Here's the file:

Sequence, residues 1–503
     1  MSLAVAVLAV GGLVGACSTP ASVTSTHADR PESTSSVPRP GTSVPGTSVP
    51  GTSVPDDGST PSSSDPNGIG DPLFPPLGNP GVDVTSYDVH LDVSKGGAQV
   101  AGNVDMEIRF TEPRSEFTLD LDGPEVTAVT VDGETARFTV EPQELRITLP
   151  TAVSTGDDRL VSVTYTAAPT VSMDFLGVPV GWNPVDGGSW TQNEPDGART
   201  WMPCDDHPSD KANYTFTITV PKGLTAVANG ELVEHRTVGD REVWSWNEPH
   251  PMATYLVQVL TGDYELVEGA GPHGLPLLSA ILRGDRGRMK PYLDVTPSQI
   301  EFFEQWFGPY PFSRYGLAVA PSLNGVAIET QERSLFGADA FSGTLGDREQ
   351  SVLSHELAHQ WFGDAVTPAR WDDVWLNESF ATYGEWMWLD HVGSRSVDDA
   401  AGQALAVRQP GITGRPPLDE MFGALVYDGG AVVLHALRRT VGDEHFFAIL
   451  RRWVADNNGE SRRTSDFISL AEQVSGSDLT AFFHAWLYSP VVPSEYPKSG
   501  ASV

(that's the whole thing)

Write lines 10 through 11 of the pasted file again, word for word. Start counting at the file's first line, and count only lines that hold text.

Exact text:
   401  AGQALAVRQP GITGRPPLDE MFGALVYDGG AVVLHALRRT VGDEHFFAIL
   451  RRWVADNNGE SRRTSDFISL AEQVSGSDLT AFFHAWLYSP VVPSEYPKSG